Immigrants with limited German language competence are among those that face most difficulties finding accomodation or at risk of being thrown out of their apartment. Now, a new site offers information in multiple languages so that people of all backgrounds can know their rights and recourses.
Werena Rosenke receives a lot of phone calls. “They’re people who need acute help. They tell me how they’re getting kicked out of their apartment the day after tomorrow, and they don’t know what to do,” she says. Rosenke is the director of a national housing assistance nonprofit organisation (BAG Wohnungslosenhilfe e. V. or BAG W). It coordinates social services and shelters, and though it does not directly offer assistance, the calls for help keep on coming.
“Most people just don’t know who to turn to when they’re in trouble,” she said. That’s why her organization commissioned the website, woundwie.de, with the aim of offering help in just a few clicks to those at risk of losing their home or already on the street. It offers information from sourcing medical care to where to find shelters for the day or night, and other living assistance.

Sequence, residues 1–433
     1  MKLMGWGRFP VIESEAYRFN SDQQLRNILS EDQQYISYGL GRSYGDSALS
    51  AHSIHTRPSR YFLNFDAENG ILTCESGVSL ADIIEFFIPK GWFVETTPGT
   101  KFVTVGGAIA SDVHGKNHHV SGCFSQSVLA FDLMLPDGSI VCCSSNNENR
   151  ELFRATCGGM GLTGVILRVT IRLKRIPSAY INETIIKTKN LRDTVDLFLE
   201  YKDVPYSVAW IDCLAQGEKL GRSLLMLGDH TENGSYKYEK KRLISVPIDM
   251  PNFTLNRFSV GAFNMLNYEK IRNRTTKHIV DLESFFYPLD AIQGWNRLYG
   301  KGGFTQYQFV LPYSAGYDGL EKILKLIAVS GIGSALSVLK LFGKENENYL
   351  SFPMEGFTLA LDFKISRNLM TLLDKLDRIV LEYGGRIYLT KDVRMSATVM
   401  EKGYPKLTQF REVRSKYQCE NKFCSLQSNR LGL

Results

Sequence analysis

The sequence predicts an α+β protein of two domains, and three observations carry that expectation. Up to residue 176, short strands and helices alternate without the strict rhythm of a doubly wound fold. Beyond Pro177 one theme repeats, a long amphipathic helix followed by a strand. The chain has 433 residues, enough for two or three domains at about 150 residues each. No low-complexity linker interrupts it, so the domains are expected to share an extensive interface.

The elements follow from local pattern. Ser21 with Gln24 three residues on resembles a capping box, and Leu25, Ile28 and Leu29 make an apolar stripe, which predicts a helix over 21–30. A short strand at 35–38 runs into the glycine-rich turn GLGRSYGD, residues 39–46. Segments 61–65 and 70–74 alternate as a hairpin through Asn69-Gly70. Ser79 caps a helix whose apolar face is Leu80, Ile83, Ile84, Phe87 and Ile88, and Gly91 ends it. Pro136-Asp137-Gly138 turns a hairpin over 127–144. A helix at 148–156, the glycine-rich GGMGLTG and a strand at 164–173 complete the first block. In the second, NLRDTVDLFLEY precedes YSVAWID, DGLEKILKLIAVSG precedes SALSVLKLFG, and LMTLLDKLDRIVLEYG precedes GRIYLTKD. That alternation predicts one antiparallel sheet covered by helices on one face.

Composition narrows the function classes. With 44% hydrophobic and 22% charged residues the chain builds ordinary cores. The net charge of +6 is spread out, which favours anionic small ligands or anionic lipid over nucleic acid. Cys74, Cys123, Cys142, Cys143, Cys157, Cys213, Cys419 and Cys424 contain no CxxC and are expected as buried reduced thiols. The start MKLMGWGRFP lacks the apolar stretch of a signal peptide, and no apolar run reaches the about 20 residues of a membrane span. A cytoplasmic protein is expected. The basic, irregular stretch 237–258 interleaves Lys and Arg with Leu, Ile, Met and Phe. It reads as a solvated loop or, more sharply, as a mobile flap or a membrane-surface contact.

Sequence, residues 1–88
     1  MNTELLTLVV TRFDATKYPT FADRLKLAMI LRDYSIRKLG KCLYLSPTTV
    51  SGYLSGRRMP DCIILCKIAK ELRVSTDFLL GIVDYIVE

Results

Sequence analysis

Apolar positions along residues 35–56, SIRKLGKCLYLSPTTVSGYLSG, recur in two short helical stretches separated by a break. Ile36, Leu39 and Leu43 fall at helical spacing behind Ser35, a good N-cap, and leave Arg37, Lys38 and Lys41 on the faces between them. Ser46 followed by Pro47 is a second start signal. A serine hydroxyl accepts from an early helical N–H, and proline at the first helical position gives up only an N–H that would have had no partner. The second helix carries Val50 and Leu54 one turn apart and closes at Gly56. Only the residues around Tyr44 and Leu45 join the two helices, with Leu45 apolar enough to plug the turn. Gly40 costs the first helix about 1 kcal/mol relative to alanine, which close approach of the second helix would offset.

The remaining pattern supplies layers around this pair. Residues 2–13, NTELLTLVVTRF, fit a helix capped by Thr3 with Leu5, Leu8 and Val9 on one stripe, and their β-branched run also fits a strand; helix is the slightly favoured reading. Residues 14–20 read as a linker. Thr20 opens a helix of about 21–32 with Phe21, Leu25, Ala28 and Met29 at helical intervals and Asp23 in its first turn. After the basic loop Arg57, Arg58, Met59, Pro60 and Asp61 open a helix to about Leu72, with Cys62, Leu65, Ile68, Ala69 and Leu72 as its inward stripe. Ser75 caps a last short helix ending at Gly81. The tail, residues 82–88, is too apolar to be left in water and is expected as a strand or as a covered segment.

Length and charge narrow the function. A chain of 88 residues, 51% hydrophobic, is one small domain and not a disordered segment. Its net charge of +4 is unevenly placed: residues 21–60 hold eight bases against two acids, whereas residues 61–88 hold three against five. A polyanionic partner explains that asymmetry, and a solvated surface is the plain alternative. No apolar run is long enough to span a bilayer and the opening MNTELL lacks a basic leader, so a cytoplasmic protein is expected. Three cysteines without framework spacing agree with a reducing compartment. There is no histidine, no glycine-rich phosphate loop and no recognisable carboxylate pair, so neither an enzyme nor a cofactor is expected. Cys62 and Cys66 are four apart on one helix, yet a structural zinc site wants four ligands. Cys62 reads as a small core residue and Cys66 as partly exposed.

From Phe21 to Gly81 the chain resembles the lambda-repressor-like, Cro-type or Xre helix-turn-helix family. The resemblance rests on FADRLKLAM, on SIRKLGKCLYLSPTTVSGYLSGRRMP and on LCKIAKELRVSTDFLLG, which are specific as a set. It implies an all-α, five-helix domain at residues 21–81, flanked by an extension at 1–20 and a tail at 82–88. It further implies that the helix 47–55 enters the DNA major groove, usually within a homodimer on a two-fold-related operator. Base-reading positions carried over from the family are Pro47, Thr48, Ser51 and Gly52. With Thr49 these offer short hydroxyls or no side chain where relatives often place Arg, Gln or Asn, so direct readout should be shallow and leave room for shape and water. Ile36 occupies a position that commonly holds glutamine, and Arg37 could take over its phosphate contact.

Language barrier a problem
“Sure, there are people who find their way to a help centre. But often it’s too late. When it’s urgent, what’s important is that they find help quickly,” Rosenke said. For example, if rent goes unpaid for two months, the building management can begin the eviction procedure. However, many do not know that there is help available. They can receive financial assistance from the municipality, for example. “You have to know that in the first place,” the BAG W director said.
Language can be a barrier, she said. Many municipal websites can be complicated, with information hidden behind a lot of clicks and offered only in German. Woundwie.de is so far available in German and English, with more languages to come “when there’s money for it,” she said.
The site is simple, requiring just four fields be filled out: location, postal code, gender and type of help needed. Results are shown in a dropdown list, complete with organization names, addresses, phone numbers, e-mail addresses. The most important information is provided in simple language, and the route to an organization’s location is presented on an interactive map.
“A web-based view is important,” Rosenke said, because it can be difficult finding the brick-and-mortar help, especially for those in desperate situations. However, those in need can also turn to their municipalities or a religious organization, she added, which can often offer most of the relevant information regarding emergency shelters.